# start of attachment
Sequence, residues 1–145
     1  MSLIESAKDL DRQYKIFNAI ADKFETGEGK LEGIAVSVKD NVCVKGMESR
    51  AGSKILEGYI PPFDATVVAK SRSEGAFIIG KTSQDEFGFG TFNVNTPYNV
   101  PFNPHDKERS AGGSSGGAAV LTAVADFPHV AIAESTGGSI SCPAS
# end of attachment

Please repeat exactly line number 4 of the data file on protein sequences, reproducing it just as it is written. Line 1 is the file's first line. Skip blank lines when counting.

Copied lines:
   101  PFNPHDKERS AGGSSGGAAV LTAVADFPHV AIAESTGGSI SCPAS